Dr. Sarah Donley

Associate Professor
205C Brewer Hall
Phone: 256-782-5352
Fax: 256-782-5168


Dr. Donley's Curriculum Vitae

Sarah Donley

Courses Taught

  • SY 301 Researching Society
  • SY 221 Introduction to Sociology
  • SY 222 Honors Introduction to Sociology
  • SY 368 Gender and Society
  • SY 324 Social Stratification
  • SY 356 Social Movements & Activism
  • SY 340 Death & Dying

Academic/Research Interests

Dr. Donley’s research interests include gender and sexuality, work and organizations, culture, death and dying, intersectionality, and research methodology. Her research focuses more specifically on gender beliefs, culture, inequality, and ideology in a variety of contexts including women in nontraditional occupations (funeral directing), death and end of life care, online memorialization, LGBT experiences in the deep south, sexual violence on college campuses, rape myths on social media, and living with HIV/AIDS. Her current research explores the emergence of Death Doulas in end-of-life care and what this means for means for death and dying in the United States.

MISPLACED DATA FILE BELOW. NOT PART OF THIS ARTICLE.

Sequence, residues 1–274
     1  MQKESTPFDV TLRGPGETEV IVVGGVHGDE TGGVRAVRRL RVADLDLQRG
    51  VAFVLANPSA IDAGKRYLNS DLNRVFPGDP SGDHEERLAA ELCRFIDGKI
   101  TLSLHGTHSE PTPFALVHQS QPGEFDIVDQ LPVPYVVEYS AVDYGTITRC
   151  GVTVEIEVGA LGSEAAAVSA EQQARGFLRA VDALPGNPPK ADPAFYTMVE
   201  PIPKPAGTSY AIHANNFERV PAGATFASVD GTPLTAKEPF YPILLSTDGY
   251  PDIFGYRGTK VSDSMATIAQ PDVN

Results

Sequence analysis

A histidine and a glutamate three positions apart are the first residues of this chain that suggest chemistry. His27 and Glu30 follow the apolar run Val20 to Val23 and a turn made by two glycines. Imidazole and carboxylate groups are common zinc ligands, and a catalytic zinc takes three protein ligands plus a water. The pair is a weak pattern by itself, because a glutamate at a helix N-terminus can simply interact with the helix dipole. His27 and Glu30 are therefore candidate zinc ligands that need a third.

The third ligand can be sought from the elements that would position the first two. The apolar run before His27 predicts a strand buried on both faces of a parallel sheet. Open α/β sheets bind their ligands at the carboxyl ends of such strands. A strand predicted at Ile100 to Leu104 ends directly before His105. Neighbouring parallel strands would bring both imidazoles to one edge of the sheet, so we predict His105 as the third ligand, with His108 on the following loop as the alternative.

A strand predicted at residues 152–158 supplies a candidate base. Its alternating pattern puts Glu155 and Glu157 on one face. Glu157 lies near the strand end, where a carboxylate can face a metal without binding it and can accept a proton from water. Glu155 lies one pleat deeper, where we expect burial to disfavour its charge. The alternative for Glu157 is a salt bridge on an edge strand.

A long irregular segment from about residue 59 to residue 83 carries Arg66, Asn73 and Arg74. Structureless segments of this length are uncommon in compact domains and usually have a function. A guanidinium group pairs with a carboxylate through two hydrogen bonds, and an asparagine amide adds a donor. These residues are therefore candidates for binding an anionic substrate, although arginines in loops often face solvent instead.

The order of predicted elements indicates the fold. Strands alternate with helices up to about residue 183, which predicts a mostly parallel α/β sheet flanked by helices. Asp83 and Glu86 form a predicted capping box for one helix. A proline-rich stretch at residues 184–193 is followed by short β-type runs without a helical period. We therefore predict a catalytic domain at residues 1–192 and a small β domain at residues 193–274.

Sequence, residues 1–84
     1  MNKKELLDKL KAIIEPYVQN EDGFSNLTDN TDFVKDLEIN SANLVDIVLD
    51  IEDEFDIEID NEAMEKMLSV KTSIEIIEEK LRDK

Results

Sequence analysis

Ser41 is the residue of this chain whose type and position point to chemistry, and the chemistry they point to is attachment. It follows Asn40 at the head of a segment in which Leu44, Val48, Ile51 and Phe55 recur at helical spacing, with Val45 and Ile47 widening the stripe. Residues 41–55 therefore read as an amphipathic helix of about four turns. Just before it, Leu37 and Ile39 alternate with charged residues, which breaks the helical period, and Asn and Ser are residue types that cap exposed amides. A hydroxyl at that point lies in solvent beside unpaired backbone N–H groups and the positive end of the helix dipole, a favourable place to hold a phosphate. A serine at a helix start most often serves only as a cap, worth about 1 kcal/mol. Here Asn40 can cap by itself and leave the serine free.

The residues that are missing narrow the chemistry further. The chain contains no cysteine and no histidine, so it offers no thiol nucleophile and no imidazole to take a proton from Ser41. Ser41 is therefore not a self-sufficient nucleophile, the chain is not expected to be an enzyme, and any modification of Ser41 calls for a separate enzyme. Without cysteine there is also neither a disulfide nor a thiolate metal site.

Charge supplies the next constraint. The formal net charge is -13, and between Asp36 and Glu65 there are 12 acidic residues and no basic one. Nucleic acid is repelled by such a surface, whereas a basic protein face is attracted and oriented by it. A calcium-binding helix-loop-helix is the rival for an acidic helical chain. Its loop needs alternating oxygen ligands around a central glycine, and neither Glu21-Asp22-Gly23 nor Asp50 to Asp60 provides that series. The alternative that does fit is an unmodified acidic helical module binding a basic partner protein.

Teaching Interests

Dr. Donley regularly teaches classes on gender, social stratification, death and dying, and sociological methods. As a teacher, she is interested in connecting sociological ideas to student’s lived experiences as well as demonstrating how sociology can provide students with a more critical and reflexive understanding of the social world. Dr. Donley is passionate about getting students interested and involved in research, specifically by showing students how research can be used to better understand and improve society. Dr. Donley often works with students on research projects and provides opportunities for hands on research experiences in her classes.


  • Kansas State University, PhD, Sociology, 2014
    Dissertation:  The Overtaking of Undertaking:  Feminization and the Changing Gender-type of Funeral Directing

  • Kansas State University, MA, Sociology, 2009
    Thesis:  HIV in the Heartland:  Negotiating Stigma, Disclosure and the HIV+ Community

  • University of Nebraska-Omaha, BA, Sociology, 2006